New Landscapes of the Noir: The Urban Jungle in 'The Wire' and 'The Shield'
Other Titles: 
SLIDESHARE from the paper presented at "Contemporary Serial Culture, Quality TV Series in a New Media Environment", Potsdam-Babelsberg (Germany), 14-16 January, 2010.
Keywords: 
The Shield
The Wire
Television Studies
Issue Date: 
2010
Citation: 
García Martínez, Alberto Nahum. ""New Landscapes of the Noir: The Urban Jungle in <The Wire> and <The Shield>"". SLIDESHARE from the paper presented at ""Contemporary Serial Culture, Quality TV Series in a New Media Environment"", Potsdam-Babelsberg (Germany), 14-16 January, 2010
Abstract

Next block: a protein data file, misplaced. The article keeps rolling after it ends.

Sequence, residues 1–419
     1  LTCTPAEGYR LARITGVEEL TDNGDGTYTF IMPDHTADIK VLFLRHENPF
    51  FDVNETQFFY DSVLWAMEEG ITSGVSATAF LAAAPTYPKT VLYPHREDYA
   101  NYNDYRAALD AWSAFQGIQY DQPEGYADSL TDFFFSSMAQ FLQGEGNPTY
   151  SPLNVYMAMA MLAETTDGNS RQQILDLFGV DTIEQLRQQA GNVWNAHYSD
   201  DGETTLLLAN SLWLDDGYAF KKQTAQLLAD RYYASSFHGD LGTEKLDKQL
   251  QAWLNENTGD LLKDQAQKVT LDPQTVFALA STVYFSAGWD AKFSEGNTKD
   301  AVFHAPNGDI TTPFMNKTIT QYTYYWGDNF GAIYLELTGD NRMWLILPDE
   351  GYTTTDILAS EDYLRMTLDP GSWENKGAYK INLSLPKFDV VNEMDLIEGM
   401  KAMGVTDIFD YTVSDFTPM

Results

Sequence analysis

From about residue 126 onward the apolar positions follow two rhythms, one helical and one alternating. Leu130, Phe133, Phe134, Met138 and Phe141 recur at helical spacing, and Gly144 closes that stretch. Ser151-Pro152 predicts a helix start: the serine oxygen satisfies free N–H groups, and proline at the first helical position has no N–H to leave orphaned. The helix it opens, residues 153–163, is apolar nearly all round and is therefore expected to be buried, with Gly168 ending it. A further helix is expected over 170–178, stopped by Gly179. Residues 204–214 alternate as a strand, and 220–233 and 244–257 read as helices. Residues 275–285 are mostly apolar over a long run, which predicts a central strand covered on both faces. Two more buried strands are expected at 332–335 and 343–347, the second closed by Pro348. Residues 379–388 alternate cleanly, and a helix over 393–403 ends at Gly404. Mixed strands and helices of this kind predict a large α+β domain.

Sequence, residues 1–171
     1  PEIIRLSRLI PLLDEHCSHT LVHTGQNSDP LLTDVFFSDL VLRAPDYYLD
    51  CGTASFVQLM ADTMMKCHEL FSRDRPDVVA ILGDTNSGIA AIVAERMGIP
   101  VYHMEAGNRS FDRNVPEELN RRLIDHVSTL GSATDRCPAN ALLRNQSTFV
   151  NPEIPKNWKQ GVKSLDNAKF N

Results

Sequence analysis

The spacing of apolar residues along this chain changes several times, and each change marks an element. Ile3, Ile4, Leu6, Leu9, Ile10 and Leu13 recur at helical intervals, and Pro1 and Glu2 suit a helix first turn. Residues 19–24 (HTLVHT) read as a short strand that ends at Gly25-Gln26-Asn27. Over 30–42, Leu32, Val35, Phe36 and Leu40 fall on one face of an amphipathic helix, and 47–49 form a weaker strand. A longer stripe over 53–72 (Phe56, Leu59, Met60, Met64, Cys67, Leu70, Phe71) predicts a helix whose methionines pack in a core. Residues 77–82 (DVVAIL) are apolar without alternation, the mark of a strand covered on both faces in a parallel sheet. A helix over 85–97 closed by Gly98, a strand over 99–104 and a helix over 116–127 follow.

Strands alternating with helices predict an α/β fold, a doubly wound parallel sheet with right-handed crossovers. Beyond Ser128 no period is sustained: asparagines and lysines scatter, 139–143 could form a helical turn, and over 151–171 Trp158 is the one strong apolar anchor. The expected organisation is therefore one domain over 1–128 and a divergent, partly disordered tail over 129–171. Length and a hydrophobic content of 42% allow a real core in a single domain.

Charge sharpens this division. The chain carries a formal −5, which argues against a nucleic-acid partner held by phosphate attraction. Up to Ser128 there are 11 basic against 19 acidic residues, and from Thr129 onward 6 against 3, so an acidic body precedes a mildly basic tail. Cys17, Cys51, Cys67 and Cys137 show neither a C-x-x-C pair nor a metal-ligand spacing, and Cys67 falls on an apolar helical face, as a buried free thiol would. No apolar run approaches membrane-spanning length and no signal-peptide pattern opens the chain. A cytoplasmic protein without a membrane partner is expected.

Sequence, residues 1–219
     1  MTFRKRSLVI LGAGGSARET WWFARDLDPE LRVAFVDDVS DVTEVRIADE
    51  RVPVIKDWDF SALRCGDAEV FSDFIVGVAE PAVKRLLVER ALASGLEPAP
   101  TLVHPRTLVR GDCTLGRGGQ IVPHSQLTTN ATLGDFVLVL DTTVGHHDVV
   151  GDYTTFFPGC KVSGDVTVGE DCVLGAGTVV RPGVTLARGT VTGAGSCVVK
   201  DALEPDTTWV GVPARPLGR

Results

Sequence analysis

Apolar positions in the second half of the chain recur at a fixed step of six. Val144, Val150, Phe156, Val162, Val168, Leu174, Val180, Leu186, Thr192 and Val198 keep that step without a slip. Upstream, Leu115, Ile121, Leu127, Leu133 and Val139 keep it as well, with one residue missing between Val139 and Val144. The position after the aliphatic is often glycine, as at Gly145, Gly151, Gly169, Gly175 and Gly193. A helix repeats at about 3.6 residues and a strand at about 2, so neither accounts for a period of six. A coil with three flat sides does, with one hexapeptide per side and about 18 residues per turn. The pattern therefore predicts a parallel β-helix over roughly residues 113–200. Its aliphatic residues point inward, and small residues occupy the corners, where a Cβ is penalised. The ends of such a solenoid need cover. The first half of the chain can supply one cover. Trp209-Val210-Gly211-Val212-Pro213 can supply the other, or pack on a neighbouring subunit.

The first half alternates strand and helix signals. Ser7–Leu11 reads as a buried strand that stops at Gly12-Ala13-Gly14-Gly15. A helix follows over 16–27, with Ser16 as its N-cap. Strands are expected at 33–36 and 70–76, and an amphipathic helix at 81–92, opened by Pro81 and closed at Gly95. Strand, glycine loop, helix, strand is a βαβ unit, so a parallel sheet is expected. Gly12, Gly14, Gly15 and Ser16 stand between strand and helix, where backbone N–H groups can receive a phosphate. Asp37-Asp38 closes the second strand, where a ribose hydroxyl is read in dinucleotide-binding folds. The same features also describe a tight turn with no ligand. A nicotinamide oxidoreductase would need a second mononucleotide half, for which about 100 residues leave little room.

"The Shield (FX 2002-08) and The Wire (HBO 2002-08) are two of the most critically acclaimed TV-shows ever produced and both share a kinship with certain film noir products. The Wire transcends the cop-show genre by offering a multilayered portrait of the city of Baltimore: from police work to drug dealing, from union corruption to problems of the school system and to unethical journalism practices. On the other hand, The Shield takes the form of a fast-moving cop-show that displays much of the same the moral ambiguity that characterizes the noir genre. Both series adopt complementary realist strategies (a neorealist aesthetic in The Wire; a cinéma-vérité pastiche in The Shield) that give particular narrative significance to city landscapes. Baltimore and Los Angeles are portrayed not only as a dangerous and ruined physical places, but these narratives also raise moral and political issues such as race, class, political corruption, social disintegration, economical disparities, the limitations of the justice system, and the failure of the American dream. The complex and expanded narrative of The Wire and The Shield, as Dimemberg has written about the film noir genre, “remains well attuned to the violently fragmented spaces and times of the late-modern world”. Therefore, this paper will focus on how The Wire and The Shield reflect and re-examine several topics related to the city in the film noir tradition: the sociopolitical effects of revealing the scarred landscapes of the centripetal industrial metropolis, the implications of filming in actual localities, the dramatic presence of what Augé termed “no-places”, the bachelardian opposition between home and city, or the streets as an urban jungle where danger lurks at every corner."

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